For many of you this is the last week of summer although we know that some people are already back (in this heatwave 😵) and some of you aren’t back until 7th September or beyond 😎. Hence, this week’s round up has some findings about exams, summer, but also a look at the joys of interactive whiteboards! What do you have in your school?

1. Many Happy Returns?

The return to school is looming on the horizon and some of you are happier than others. Once again we find that middle leaders are least looking forward to it. Middle leaders tend to still have a big teaching load, plus curricula or pastoral responsibilities, AND are often at the stage of life where they have young children (and sleepless nights!)

As obvious as it seems, there’s also something slightly depressing about the fact that teachers in the independent sector are most looking forward to returning to their jobs in September, while those who are going to work in schools rated inadequate/requires improvement are looking forward to it the least. What is it that makes private school teachers so happy to be returning – has their super-long holiday meant they’ve truly run out of things to do at home, or is working in a private school just a more pleasant experience?

Of course for many of you in secondary schools, ‘work’ started again with the publication of exam results and the need to go in and help students make decisions on next steps.

Many of you asked us for the breakdown of the kind of teachers who go in on exam days so here they are!

2. Come for the data, stay for the Board Marker chat

Right, onto the main thing we want talk about today – the things you write with and the things on write on.

This is our second year of surveying teachers about board markers and it is always a huge source of contention on twitter.

First up, 6% of you tell us that you have to buy your own whiteboard markers. And 14% of you have to survive on 6 or fewer markers. At the other end of the scale, 42% of teachers are lucky enough to get UNLIMITED markers throughout the year.

And so let’s learn something about what sort of school you need to work in to get hold of these UNLIMITED markers. It turns out teachers in private schools are almost twice as likely to have access to unlimited markers than those in the most disadvantaged schools. Is this why they are so happy?!?

3. What do you write on?

Technologists are always amazed at how much secondary teachers love projectors more than love their interactive whiteboards. However, we were curious to see that in schools with poorer intakes teachers were more likely to favour an interactive whiteboard. Any ideas why this might be? (Our guess is that it might be age-related, as younger teachers cluster in more challenging schools).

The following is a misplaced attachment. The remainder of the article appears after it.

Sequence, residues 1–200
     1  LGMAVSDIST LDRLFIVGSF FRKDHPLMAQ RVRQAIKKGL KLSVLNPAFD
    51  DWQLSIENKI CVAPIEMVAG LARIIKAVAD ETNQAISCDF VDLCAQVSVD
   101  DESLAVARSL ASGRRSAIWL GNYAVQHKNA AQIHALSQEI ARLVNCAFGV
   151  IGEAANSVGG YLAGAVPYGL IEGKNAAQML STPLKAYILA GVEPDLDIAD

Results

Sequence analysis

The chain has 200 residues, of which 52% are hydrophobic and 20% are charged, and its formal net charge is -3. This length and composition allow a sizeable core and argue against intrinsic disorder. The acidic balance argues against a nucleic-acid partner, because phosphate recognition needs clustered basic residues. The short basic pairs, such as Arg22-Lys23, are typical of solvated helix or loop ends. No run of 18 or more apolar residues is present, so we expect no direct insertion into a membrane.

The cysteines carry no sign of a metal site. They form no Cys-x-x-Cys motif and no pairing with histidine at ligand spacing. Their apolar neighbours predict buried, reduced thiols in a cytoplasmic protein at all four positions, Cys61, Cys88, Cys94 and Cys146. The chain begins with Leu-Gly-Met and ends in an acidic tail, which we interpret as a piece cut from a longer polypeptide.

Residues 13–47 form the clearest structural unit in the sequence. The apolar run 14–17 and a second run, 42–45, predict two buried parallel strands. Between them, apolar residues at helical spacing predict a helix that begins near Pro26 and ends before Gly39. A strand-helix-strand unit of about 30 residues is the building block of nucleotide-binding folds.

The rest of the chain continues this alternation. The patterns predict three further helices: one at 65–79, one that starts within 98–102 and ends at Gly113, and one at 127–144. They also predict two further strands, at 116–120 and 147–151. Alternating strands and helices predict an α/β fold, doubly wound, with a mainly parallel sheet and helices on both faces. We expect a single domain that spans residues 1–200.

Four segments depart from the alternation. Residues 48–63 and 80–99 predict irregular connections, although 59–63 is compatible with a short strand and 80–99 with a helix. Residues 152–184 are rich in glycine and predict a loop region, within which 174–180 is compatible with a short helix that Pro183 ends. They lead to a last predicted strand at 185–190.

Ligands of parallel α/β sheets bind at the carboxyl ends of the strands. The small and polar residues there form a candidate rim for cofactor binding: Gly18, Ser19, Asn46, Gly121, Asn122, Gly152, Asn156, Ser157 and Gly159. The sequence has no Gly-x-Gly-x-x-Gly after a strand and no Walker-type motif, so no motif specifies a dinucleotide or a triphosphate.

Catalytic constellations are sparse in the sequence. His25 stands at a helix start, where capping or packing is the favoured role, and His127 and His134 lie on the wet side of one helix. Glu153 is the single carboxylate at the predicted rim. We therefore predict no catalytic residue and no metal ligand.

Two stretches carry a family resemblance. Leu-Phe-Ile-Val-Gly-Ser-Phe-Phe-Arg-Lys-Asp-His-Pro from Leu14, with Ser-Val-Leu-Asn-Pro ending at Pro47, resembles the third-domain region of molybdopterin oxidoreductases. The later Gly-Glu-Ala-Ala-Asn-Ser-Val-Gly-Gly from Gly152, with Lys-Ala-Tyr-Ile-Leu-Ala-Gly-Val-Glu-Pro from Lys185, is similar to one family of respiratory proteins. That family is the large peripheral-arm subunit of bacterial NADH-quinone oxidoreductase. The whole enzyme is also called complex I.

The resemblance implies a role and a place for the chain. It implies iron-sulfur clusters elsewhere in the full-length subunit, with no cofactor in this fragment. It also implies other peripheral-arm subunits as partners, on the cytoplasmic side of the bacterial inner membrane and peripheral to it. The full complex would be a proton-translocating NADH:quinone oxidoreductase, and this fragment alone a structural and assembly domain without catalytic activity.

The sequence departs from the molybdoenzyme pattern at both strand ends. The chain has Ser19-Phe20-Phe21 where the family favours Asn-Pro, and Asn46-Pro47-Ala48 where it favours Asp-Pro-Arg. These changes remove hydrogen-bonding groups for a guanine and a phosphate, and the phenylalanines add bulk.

One issue with Interactive White Boards (IWBs) is that they frequently go wrong – more frequently than a simple laptop connected to a projector does. 15% of teachers say board technology frequently lets them down or cannot be relied upon. Technology seems to be more reliable in more disadvantaged schools, which makes sense since they are a little better funded. Is another reason why those teaching in affluent schools dislike IWBs so much simply because they don’t work? Let us know what you think.

Primary school teachers tell us they are much more likely to have the modern touchscreen IWBs. They also like, and make far greater use of their flexibility, than do secondary teachers.

However, we also know that maths teachers love IWBs. Yet, when we looked, they are no more likely to have a modern IWB than other subjects. Furthermore, they are also equally let down by their technology.

Does this tell us that schools are making inefficient purchasing decisions, where the teachers who would most benefit from something the most aren’t always the ones who would get it? Should maths teachers have priority when IWBs are upgraded?

4. Talking about our reputation…

A surprising finding was the extent to which, given an even choice between two unknown schools, teachers said they would prefer to work in a local authority school rather than one in a multi-academy trust (also known as ‘chains’). Of course, it doesn’t mean teachers tend to dislike all MATs – they just seem to perceive going to work at a MAT that isn’t familiar to them as risky.

Does this matter, given that once they get to know schools better they might feel differently? Well, we think it might simply because it presents a challenge for recruitment at schools in MATs who need to take care to really explain how the MAT will prescribe aspects of a teachers job to allay fears.

What did we find? Three-quarters of teachers would pick a job in the local authority school versus 9% who’d pick the academy with the rest choosing at random.

Does that change depending on where a teacher works now? A little…

It’s worth saying that this doesn’t mean those teachers currently working in MATs are unhappy with their school – in fact, those in sponsored academies are MORE LIKELY to say they are looking forward to returning to school than those in local authority schools (mostly because they are more likely to be keen young teachers)!

Finally, finally, we know you love our tips!

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